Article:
The current pair in M’boro is an unbanded male and a female who was banded in the territory in 2012, the year she had the only chick she has produced in the territory. At that time, she was paired with the Grand Old Male of Moultonborough Bay. He had been banded in M’boro as an adult in 1999, moved up to the Yard Islands in 2002-2004, but returned to M’boro in 2005 and spent his remaining years there. He was a calm and serene presence in the Bay, and it was very sad when he did not return in 2015. He hasn’t been seen since, and I presume he is dead after a long and productive life. From the time he was banded, he produced 7 chicks in M’boro and Yards, which is just about right on average for a loon in New Hampshire. Since that time, the male in M’boro has been unbanded, so we do not know his history.
Since the female arrived and produced a chick in 2012, her fortunes have taken a downward turn. In 2013, her eggs were inviable; and, in 2014, the nest was just days away from the expected hatch date when the female evicted from Sturtevant Cove in 2010 and the female evicted from the Yard Islands in 2013 teamed up to drive the M’boro female from the territory. This is the only time I have ever seen same-sex loons team up to chase a rival from her territory! Needless to say, only one female loon could have the territory, so the ex-Sturtevant and ex-Yards female then turned on each other once the M’boro female was gone. The ex-Yards female won the battle handily. In an interesting twist, the ex-Yards female had been paired with the Grand Old Male of Moultonborough Bay from 1999-2007, so it looked like the old pair was going to be back together again. Unfortunately, it was not to be. The male did not return in 2015; and, while the ex-Yards female won the battle, she lost the war. The ex-Sturtevant female was the territorial female in M’boro in 2015.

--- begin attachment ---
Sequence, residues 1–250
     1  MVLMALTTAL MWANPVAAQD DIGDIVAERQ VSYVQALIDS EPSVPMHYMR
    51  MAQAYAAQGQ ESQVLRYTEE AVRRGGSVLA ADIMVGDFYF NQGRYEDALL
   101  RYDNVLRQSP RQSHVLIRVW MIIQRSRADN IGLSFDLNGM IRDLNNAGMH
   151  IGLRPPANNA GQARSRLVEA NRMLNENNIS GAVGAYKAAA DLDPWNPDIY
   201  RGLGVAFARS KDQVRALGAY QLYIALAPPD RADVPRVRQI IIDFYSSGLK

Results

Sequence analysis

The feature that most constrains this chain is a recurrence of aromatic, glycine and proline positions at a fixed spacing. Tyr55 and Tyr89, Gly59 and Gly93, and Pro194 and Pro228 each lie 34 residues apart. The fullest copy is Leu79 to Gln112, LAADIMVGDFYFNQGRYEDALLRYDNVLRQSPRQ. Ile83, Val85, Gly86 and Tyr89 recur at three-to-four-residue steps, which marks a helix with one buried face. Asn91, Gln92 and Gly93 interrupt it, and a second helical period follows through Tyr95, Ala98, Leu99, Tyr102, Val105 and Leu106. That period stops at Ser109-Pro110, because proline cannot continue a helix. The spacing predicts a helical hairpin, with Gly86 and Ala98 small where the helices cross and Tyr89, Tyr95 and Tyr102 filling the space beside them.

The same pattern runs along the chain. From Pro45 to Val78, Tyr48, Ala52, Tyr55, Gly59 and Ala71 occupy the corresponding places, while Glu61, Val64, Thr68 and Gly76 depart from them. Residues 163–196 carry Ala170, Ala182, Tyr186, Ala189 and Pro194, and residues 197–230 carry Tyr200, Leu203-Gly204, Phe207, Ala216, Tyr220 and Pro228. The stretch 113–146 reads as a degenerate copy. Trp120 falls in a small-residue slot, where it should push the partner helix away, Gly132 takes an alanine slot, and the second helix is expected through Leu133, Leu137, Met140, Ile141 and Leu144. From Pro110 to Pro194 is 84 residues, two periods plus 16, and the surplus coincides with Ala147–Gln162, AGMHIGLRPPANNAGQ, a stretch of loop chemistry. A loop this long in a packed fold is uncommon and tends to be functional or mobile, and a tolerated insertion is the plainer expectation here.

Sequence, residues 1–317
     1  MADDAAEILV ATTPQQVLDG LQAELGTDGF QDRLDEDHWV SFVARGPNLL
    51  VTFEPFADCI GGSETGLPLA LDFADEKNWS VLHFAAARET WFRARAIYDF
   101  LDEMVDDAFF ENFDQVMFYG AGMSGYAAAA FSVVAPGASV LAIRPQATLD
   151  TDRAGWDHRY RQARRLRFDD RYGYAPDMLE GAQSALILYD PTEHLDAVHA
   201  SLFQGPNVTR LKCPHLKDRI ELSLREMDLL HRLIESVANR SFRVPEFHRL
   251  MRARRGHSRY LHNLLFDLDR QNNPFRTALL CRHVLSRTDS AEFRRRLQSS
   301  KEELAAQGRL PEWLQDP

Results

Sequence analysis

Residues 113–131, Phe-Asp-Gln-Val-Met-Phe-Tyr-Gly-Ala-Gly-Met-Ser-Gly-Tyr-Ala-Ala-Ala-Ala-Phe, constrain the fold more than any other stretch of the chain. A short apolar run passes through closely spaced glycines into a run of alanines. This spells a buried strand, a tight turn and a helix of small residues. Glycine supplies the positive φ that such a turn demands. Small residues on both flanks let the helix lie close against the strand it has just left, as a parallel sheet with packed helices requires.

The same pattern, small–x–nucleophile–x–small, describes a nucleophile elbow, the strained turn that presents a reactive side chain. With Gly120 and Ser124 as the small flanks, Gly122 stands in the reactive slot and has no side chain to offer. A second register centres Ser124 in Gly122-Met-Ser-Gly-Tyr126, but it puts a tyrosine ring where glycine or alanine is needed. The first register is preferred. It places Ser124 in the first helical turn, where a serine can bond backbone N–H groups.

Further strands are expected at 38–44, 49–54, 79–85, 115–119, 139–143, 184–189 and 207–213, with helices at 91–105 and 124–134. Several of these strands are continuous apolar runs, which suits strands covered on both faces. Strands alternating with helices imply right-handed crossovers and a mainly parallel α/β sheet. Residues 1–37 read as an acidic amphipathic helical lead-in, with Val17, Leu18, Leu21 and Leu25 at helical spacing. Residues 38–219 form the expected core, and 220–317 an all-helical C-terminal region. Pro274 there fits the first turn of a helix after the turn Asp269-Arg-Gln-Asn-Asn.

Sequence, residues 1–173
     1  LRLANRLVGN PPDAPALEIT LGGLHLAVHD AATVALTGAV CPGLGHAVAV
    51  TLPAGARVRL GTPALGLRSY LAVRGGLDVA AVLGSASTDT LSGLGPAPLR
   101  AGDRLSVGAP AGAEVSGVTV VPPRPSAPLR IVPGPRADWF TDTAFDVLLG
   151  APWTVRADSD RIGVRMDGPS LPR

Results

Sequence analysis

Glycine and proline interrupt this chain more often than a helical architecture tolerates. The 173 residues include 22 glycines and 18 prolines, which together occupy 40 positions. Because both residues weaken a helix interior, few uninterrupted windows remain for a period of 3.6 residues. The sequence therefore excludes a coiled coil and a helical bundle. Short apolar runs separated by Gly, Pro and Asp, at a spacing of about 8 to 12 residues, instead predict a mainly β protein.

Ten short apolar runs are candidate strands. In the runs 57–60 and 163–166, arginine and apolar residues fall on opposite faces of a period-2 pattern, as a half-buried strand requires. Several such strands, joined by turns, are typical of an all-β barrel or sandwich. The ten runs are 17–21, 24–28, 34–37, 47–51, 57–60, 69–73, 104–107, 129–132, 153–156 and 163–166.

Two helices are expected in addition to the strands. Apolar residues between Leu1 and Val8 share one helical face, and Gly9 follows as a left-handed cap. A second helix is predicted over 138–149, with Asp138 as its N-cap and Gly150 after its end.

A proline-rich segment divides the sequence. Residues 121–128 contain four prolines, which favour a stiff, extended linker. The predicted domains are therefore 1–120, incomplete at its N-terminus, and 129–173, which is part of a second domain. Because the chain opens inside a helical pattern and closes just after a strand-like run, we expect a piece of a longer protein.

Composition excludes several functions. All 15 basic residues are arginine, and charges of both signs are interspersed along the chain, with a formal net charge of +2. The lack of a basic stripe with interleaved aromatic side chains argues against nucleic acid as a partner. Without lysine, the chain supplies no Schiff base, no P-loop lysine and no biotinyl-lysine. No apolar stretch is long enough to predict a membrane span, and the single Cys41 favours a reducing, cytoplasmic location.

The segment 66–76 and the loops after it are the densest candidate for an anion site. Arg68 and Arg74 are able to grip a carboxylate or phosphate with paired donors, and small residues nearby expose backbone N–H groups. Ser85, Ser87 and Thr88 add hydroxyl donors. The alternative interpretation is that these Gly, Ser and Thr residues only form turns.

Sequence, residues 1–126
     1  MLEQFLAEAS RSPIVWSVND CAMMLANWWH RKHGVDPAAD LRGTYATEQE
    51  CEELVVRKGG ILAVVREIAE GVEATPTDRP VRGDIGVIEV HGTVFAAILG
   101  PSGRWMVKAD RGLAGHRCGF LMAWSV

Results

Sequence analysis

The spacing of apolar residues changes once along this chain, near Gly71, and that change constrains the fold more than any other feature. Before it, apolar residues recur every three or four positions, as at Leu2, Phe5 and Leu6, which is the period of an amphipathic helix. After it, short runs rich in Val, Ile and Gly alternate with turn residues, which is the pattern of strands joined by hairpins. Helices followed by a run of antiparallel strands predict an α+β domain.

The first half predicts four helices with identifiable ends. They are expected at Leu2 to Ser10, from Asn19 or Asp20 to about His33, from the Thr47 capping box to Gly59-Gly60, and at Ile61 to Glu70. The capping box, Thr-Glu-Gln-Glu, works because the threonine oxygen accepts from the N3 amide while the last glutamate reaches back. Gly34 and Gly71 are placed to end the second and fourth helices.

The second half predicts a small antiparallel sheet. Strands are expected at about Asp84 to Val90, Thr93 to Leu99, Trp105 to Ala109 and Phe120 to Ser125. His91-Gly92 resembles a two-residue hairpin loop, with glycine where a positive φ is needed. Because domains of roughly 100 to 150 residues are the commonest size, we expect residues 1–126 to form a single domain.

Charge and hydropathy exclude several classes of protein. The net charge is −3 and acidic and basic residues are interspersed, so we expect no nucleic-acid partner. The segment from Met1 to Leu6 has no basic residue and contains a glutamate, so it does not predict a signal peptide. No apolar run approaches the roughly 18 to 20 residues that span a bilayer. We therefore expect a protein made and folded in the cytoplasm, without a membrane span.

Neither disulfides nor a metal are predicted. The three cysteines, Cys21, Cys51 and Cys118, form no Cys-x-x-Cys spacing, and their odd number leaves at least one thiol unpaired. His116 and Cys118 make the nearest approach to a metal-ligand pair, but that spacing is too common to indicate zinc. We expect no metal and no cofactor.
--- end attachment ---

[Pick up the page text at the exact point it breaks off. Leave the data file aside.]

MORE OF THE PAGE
But that didn’t last for the ex-Sturtevant female either. The M’boro female was back on territory in 2016 and 2017, after spending the summer of 2015 as an unpaired loon. Just as in 2014, her nest attempts in those years ended after intrusions from other loons. To make matters worse, LPC tested one of her eggs from both 2013 and 2016. These eggs showed high levels of contaminants, particularly for PCB’s. While obviously LPC has only tested eggs from a relatively small number of loons in the state, we still have tested nearly 80 eggs statewide; and, based on these tested eggs, the M’boro female is carrying the heaviest contaminant body burden of any loon in the state.
So in many ways, M’boro typifies the problems Squam has been facing. Many nest failures in the territory have resulted from the “social chaos” that has overtaken the Squam’s loons, apparently as a result of high rates of adult mortality, resulting in frequent loon intrusions. Unhatched eggs from the territory have tested for high levels of contaminants. And lead poisoned loons have died in the territory in 2007 and 2017-this is not to say they acquired the lead tackle in the territory, but it adds to the picture of the challenges facing Squam’s loons being encapsulated by what has happened in the territory in recent years. Obviously, Loon Preservation Committee is working hard to help Squam’s loons overcome these challenges, and we are working for the best for the M’boro pair-and all of Squam’s loons!